second person, that employs an informal style, a seemingly casual
tone, and then suddenly comes a "thus" or a "therefore." Not unusual
words, in and of themselves, but terribly out of place.

And when this is the case, it's seldom one oddball word that
constitutes the entirety of the problem. Entire phrases of odd
construction (frequently overly convoluted, abstruse, pompous) call
attention to themselves, needing very much to be shaken out and
brought back down to earth.

Well, anyway, I ramble. Just thinking aloud.


I've not read any Southey, but that's a nice quote.

At 11:44 AM -0500 10/29/08, Pinkham, Jim wrote:
>Points well-taken, Odile, and I agree, even to your thoughts on
>Southey's quote. Don't puzzle overmuch: I'm not saying "concision" never
>has merit. It just jarred my ear a bit. Sometimes we get lost in the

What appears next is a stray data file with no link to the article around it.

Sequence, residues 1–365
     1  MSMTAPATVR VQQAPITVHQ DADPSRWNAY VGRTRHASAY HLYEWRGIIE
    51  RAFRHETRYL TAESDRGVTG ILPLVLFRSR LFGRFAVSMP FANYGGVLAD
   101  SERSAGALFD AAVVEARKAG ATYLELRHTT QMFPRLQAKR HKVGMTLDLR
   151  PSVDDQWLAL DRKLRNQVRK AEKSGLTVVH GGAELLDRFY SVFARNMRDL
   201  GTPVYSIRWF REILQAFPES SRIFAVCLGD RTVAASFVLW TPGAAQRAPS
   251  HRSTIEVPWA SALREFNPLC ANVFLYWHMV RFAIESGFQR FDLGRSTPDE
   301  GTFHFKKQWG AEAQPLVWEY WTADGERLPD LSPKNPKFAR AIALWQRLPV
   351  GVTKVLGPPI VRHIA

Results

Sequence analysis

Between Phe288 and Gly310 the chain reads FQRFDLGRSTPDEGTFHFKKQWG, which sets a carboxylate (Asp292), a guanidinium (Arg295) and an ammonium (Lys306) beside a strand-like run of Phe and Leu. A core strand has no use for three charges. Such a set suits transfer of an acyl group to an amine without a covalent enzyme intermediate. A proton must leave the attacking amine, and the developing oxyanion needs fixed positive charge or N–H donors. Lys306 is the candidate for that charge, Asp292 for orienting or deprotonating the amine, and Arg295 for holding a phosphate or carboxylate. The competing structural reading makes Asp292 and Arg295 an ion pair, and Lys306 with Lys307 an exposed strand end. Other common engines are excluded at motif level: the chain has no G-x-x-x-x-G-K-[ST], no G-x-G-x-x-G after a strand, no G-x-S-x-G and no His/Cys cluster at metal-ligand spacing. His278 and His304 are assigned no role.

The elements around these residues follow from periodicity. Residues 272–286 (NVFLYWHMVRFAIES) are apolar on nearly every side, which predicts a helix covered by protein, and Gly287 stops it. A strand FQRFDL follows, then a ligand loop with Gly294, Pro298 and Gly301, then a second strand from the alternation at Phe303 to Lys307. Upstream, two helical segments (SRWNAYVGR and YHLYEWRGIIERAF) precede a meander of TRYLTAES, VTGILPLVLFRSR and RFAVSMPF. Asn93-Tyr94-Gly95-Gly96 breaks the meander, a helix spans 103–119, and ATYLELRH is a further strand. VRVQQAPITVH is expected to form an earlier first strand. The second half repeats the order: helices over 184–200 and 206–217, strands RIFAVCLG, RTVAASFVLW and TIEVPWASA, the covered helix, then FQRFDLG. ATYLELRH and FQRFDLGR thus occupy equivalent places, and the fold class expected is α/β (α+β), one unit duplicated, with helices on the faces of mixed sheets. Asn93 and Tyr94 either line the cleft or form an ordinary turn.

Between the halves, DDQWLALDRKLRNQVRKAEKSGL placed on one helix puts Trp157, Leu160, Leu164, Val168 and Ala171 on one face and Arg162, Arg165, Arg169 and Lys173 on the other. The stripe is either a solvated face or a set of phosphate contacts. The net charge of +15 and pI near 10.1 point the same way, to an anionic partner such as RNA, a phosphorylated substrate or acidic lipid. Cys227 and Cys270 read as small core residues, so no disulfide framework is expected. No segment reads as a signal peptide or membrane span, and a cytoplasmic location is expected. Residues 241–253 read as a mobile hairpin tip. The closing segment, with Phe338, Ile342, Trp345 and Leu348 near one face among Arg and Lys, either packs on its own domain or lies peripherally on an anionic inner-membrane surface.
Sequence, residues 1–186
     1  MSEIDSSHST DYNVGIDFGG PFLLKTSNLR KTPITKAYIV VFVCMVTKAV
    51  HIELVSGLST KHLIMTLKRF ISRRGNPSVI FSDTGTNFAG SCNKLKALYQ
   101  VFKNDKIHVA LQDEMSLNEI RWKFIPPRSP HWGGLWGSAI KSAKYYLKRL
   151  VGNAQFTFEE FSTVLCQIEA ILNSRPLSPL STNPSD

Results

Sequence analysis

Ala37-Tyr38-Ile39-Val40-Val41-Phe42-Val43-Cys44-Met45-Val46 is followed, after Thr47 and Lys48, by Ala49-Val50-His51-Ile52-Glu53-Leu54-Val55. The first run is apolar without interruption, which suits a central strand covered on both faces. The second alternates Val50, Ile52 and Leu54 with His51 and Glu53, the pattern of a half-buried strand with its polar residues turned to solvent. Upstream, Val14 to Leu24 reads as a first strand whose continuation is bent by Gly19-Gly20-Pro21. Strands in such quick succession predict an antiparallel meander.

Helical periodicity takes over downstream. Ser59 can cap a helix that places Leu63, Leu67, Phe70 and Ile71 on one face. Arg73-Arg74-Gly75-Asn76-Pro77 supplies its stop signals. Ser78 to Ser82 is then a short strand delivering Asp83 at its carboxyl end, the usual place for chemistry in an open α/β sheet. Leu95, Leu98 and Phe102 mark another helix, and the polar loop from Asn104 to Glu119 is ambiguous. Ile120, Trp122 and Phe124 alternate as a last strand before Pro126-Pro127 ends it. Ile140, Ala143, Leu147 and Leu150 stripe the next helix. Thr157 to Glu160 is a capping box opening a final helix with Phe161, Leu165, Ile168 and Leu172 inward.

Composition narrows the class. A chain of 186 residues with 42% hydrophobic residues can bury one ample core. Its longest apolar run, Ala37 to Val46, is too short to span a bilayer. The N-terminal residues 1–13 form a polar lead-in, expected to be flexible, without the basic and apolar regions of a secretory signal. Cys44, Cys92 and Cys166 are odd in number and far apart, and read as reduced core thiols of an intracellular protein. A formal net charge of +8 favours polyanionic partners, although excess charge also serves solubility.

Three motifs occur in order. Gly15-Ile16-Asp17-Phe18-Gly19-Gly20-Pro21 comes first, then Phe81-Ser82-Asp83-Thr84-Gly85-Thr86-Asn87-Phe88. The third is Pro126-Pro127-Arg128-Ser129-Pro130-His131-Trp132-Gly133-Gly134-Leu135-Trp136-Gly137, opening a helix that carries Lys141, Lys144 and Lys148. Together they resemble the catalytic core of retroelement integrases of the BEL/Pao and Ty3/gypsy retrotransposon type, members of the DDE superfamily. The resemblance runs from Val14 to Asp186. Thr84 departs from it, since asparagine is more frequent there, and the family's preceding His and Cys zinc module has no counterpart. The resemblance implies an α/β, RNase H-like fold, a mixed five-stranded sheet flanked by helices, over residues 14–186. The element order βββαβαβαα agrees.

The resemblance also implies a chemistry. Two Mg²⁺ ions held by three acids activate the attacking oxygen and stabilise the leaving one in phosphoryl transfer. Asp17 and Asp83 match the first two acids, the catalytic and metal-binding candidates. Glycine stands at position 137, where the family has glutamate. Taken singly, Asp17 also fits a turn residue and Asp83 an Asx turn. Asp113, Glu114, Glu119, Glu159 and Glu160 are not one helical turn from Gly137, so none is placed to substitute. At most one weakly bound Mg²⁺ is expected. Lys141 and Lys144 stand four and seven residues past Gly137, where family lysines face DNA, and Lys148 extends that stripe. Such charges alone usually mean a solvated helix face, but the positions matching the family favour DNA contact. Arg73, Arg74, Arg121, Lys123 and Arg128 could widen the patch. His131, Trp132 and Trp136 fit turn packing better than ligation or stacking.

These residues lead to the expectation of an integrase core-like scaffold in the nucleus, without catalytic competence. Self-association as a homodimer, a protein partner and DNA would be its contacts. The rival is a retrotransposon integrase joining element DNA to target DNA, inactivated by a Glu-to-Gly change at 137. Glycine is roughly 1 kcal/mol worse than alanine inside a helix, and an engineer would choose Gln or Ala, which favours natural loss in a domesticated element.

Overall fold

>50-cent words when the cheaper ones will do as well or better. But not
>-----Original Message-----
>From: Odile Sullivan-Tarazi [mailto:odile -at- mindspring -dot- com]
>Sent: Wednesday, October 29, 2008 11:22 AM
>To: Pinkham, Jim
>Cc: Odile Sullivan-Tarazi; Cardimon, Craig; techwr-l -at- lists -dot- techwr-l -dot- com
>Subject: RE: Concision?
>Ah, but context, context is all. There is a time to be terse, pithy,
>bare. And a time to be concise, to convey eloquently with concision.
>The writer's ear must always be sensitive to context. The words have a
>sound and a feel, as well as a sense. They have a rhythm.
>I was more puzzled, than anything else, to see a perfectly good word
>slashed for no good reason. In your quote below, you will notice
>Anglo-Saxon words mixed with Latinate terms to good effect.
>At 11:01 AM -0500 10/29/08, Pinkham, Jim wrote:
>>I'm sure they do. I'm chuckling now a bit that you're taking this so
>>seriously. No offense.
>>Sorry, but when I read concision, the next word that came to mind was
>>"circumcision," and there, perhaps, I'd go for the Latin formation and
>>avoid some blunter Anglo-Saxon alternative, if such there be.